What happened to Victor Cruz?
He grabbed a short pass early in the third quarter Sunday and was crunched by Eagles cornerbacks Bradley Fletcher and Nate Allen, injuring his shoulder and neck and sending the usually durable receiver to the locker room for X-rays.
There was great concern at first as Cruz lay on the field and the medical staff did not remove his helmet, but Cruz soon bounced to his feet and jogged to the sideline. Eventually, he returned to the field after getting the all-clear from the doctors.
Was it a dirty hit?
No, but Cruz seemed to think it may have been personal.
"Nothing surprises me with these teams," he said. "Obviously, I've done pretty well in these games throughout my career that I've pretty much been targeted week in and week out to kind of be the guy to get stopped and double-teamed from time to time. I expect it, I embrace it and I just have to keep playing."
Was there a chance Cruz was not going to return to the game?
"No," he said.
Can the special teams get its act together?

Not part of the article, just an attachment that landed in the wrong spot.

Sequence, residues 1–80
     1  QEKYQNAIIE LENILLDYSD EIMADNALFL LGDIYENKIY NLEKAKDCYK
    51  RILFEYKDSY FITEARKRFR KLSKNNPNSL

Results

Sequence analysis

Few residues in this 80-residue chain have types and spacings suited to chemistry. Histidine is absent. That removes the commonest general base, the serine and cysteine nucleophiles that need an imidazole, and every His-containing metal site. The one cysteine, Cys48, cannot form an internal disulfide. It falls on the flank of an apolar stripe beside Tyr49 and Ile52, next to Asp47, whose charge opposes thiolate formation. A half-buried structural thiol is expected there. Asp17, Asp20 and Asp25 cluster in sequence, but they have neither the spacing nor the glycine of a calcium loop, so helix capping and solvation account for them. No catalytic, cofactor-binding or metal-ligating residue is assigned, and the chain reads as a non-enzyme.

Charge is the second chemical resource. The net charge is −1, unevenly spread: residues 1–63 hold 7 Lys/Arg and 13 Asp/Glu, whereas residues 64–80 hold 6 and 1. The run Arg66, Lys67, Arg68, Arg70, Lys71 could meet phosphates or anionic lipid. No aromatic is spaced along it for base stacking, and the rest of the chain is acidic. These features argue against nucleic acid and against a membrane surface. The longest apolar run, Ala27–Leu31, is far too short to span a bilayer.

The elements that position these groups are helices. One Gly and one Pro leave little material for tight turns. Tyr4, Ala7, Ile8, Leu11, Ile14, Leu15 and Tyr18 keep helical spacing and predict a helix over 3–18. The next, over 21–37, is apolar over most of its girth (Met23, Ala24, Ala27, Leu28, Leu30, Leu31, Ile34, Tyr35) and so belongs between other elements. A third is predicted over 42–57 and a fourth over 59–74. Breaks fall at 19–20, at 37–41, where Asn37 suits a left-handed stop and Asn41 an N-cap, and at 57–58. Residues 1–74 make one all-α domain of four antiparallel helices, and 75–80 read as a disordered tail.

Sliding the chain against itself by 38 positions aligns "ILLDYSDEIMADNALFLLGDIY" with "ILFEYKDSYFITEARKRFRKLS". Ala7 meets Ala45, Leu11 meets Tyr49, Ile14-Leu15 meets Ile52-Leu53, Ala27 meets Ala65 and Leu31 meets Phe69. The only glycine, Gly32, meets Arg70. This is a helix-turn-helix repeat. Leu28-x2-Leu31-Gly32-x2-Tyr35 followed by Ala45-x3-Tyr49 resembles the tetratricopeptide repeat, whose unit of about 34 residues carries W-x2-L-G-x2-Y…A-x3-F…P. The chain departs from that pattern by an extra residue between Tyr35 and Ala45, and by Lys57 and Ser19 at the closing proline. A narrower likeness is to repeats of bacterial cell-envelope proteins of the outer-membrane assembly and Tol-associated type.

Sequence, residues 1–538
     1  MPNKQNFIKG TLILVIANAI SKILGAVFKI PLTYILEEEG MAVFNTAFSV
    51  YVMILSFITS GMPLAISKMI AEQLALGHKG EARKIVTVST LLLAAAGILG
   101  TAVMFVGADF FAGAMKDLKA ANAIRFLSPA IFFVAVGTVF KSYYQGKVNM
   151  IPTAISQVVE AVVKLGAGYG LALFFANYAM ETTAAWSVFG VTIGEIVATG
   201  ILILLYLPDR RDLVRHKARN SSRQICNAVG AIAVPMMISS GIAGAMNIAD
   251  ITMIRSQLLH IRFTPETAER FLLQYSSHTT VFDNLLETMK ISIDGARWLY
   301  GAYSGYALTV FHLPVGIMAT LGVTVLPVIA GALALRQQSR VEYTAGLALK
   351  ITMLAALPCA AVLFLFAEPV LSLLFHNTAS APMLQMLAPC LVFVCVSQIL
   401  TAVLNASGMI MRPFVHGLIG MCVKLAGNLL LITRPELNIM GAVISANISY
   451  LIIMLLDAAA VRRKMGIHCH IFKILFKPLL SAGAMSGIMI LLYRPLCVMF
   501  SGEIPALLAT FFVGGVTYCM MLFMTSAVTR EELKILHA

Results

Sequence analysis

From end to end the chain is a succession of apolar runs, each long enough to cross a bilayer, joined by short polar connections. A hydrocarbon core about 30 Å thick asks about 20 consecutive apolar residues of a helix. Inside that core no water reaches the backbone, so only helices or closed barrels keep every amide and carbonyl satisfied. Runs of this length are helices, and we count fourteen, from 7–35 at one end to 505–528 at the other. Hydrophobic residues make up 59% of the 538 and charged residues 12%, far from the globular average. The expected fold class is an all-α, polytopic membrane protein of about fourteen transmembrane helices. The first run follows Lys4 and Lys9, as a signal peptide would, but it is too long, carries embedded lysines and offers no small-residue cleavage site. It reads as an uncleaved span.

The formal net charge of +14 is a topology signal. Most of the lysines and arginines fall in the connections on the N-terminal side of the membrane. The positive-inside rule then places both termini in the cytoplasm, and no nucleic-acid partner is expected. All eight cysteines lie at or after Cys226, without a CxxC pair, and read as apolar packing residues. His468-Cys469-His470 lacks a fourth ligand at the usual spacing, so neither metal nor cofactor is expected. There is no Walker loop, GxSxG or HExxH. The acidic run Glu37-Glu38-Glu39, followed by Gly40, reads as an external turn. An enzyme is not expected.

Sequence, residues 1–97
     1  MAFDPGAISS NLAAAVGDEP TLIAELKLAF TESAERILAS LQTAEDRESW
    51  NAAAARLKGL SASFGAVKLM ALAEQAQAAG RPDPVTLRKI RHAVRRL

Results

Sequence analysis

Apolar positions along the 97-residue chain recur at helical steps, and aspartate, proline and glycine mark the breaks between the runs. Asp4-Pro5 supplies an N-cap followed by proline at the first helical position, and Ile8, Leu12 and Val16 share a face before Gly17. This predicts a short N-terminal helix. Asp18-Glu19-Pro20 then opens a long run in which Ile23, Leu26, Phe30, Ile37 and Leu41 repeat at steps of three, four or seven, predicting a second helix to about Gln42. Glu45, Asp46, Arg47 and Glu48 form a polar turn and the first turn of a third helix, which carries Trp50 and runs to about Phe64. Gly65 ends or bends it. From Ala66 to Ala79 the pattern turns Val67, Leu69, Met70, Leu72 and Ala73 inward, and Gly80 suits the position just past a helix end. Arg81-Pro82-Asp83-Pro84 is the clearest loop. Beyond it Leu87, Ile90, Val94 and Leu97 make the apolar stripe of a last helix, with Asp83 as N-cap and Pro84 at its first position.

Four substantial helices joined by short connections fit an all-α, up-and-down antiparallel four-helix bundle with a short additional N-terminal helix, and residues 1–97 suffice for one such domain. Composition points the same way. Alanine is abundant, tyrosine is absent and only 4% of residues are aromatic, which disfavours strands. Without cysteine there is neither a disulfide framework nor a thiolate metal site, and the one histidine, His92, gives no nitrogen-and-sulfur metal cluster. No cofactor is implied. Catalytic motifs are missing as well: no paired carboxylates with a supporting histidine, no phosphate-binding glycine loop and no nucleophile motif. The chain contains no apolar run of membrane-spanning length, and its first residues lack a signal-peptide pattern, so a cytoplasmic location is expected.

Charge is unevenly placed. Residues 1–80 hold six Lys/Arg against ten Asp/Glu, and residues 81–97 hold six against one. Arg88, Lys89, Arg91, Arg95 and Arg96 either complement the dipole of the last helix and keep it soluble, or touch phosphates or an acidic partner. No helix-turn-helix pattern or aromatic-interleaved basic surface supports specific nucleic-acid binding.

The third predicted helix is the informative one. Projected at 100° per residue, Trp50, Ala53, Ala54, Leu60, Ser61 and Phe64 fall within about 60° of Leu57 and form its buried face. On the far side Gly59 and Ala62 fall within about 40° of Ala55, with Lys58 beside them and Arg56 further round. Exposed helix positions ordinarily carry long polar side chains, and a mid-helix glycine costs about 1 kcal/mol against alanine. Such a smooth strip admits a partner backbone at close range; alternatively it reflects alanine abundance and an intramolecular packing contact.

For the fourth time this year, an opponent scored a touchdown against the punting unit. This time it was on a bad snap as Zak DeOssie air-mailed the ball over the head of Steve Weatherford, a rare mistake for the usually reliable player.
"I don't think I've ever seen him do that, not even on the practice field," Tom Coughlin said. "And the timing was terrible."
So was the bad snap on DeOssie's mind when he had to do it again in the final minute?
"You would assume it's difficult, but I knew exactly what I did wrong, so I was able to fix it," DeOssie said. "I'm a professional and I know how to snap the ball."
Weatherford said he had just as much confidence, but he still was impressed that DeOssie nailed his last snap. "The most important thing is the next play, and when we needed him to have a snap at the end of the game for that last punt, he put it right on me," Weatherford said.
Should the final score have been 15-2?
Probably. Weatherford said he was going to try to kick the bouncing ball out of the back of the end zone for a safety, but as he brought his leg back to swipe at it, the football took a funky bounce out of his range and he was unable to get a foot on it.
How did Hakeem Nicks do a week after dropping three passes?
This time it was his feet that were the problem, not his hands. Nicks caught seven passes for 51 yards and hauled in two passes that were ruled out of bounds in the back of the end zone. "I could have had a couple extra [catches] if I had just got that other foot down," he said.